What Are You Waiting For?

Work? Highly overrated. Go fishing this weekend, if you must. But get out there. We got excellent reports from the Yellowstone River yesterday, both in the Paradise Valley and downstream of Livingston. The trout are eating. They’re eating dead-drifted nymphs and streamers. And they’re eating dries. You can’t really go wrong with your fly choice. Chubby Chernobyls, caddis, yellow sallies, flying ants, attractor dries on top. Big stonefly nymphs, caddis pupa, yellow sally nymphs, King Princes, Pheasant Tails, Copper Johns, Zonkers, Sculpin streamers, Buggers underneath. Stop by Sweetwater Fly Shop and we’ll point you toward some of our favorites. Fish the slower water along the banks. Fish the riffle corners, shelves, and in front of and behind midstream rocks. The fish are being found in all the places where they should be. Excuse a bit of hyperbole, but the next couple of weeks should be what we’ve been waiting for. Yes, the Yellowstone is finicky, and there’s always some slow days mixed in, but you won’t know if you don’t try.

If you’re fishing the Paradise Valley spring creeks, expect to be challenged. Bring your A-game (and a good selection of flies). The PMD hatch has slowed down; there were sporadic rises to hatching bugs on DePuy’s yesterday. And the fish were feeding selectively. Emergers were all we could get them to eat. And not just any emerger, either. So get yourself several different patterns, find a rising fish, and experiment. 7X tippet, drag-free presentation, and a bit of luck. Sounds tough, but when that fish finally eats your bug, you’ll feel like a champion. Classic spring creek fishing.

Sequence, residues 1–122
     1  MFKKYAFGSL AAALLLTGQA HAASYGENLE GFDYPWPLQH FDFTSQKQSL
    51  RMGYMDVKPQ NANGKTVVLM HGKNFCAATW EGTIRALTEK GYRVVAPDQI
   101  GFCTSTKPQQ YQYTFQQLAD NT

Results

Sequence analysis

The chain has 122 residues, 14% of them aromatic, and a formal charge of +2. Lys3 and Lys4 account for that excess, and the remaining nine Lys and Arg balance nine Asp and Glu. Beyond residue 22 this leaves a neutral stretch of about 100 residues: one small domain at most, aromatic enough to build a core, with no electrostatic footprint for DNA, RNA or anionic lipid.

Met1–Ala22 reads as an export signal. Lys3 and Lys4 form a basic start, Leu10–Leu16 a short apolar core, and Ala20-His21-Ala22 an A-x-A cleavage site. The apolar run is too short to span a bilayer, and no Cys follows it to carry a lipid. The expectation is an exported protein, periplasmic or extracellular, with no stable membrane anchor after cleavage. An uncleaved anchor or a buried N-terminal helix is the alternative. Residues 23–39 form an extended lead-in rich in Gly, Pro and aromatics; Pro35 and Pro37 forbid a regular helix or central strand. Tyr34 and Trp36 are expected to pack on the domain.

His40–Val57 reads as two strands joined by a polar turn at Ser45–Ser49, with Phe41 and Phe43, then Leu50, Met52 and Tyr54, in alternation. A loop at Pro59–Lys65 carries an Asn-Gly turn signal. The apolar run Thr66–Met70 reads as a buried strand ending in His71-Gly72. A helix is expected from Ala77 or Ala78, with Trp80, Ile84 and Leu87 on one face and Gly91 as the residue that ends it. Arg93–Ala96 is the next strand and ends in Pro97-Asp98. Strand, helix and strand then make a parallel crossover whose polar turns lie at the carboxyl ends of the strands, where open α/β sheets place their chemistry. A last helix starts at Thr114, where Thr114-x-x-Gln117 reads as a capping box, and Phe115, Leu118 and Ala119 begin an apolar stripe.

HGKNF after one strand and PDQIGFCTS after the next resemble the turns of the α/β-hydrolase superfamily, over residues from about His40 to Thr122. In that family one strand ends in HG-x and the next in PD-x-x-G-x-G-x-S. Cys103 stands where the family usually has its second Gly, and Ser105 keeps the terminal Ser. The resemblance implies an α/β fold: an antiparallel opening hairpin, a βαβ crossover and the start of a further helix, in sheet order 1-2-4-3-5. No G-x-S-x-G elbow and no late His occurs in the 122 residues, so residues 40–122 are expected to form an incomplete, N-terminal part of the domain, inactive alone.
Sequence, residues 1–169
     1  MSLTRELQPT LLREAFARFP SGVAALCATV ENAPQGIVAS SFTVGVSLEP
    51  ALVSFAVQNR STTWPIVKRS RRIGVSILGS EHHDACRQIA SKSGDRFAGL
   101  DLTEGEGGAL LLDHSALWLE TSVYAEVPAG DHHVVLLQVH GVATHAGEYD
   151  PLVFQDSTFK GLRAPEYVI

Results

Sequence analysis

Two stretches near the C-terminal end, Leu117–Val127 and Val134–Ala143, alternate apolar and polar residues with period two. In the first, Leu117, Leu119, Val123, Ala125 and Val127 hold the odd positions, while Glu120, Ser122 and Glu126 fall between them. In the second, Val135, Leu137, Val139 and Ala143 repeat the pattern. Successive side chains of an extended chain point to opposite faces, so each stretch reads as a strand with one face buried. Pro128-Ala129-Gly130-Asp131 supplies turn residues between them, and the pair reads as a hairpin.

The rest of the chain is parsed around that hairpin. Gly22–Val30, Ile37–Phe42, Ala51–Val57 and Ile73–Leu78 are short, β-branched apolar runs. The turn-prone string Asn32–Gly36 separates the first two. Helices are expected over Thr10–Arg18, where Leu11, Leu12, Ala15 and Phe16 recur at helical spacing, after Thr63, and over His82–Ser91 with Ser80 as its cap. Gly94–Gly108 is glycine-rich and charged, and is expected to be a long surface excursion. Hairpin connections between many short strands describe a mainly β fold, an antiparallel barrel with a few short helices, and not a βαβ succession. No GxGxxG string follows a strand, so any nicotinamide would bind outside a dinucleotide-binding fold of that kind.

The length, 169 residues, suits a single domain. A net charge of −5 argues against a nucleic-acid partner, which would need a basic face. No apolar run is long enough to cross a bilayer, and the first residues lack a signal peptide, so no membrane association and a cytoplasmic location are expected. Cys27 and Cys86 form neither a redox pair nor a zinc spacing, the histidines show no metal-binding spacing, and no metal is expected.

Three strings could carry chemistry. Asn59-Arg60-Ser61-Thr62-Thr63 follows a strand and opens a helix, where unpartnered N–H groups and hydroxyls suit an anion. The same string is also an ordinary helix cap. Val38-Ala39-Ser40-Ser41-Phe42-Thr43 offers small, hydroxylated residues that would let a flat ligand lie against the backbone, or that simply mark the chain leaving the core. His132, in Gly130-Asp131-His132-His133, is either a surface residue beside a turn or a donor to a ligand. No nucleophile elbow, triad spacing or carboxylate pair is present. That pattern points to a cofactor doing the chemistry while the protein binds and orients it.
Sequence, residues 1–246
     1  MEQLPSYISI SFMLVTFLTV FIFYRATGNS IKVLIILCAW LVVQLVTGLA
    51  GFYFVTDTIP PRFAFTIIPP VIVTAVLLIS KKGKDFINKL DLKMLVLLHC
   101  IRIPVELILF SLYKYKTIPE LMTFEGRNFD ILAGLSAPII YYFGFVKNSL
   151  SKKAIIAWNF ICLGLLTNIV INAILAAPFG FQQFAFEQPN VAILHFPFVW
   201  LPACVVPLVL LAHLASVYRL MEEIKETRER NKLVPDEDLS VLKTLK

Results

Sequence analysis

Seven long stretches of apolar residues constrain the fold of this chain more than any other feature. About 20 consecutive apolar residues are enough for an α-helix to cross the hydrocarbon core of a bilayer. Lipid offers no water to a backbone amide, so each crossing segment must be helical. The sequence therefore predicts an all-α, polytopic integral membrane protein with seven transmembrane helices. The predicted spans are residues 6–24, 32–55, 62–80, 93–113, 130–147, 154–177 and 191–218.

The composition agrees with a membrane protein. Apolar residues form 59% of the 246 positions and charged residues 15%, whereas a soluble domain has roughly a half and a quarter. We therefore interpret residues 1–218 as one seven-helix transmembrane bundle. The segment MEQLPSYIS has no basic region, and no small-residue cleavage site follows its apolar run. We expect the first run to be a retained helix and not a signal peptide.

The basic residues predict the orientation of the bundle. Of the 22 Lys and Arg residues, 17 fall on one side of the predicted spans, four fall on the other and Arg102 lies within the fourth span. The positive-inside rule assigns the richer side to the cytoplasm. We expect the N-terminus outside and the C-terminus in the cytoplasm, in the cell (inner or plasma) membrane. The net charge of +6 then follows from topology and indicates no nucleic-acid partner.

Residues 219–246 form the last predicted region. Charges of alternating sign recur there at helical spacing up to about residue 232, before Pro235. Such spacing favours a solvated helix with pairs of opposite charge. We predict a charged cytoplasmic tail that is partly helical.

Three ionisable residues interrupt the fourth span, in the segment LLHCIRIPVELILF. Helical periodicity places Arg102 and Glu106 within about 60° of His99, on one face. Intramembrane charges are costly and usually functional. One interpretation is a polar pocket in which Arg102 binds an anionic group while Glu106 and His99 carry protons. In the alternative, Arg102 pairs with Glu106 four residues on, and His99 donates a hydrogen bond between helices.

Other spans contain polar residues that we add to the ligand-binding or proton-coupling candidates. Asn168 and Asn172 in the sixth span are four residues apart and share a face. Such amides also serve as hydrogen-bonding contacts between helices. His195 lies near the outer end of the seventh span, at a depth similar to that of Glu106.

Coming into Shape

Fishing on the Yellowstone River is heating up. The river is dropping steadily and is below 10,000 cfs at Carter’s Bridge. Some mud pushed through over the weekend and yesterday, but today the river is nice and green, with plenty of visibility for fishing dries or nymphs. Yesterday, a gold Chubby Chernobyl, size 10, was getting consistently munched. Other effective dries include olive and tan Elk Hair Caddis (as well as other caddis patterns), yellow sally imitations (Hairwing Yellow Sally, yellow Crystal Stimulator), and general attractors (Parachute Madam X, lime Trude, etc…). Effective nymph droppers include Rubberlegs (try the goldenstone color), red Copper Johns, Kyle’s Beadhead Yellow Sally, and Mangy Caddis. It’s getting to be that time of year when it’s hard to go wrong. Except by staying home. Don’t miss out! Oh, and pack your bug juice; the mosquitos are still out in force, especially in the mornings and evenings.

Quick Update

Reports from the last couple of days have been good. The Yellowstone River has been fishing well. We haven’t heard of any mud in the system, despite last night’s rainstorm. Both nymphs and dries have been catching fish. In addition to the usual suspects (see our previous couple of posts for some fly suggestions), a red Copper John was the winner for one of our guides the day before yesterday. If you’re only getting whitefish up close to the banks, try fishing a little farther from shore. Some of the trout have moved out a bit. It’s getting good; get out there! And stop by Sweetwater Fly Shop on your way back from the river (5:30-7:30) for some free burgers, brauts, and beverages. It’s BBQ season!

Clarity Update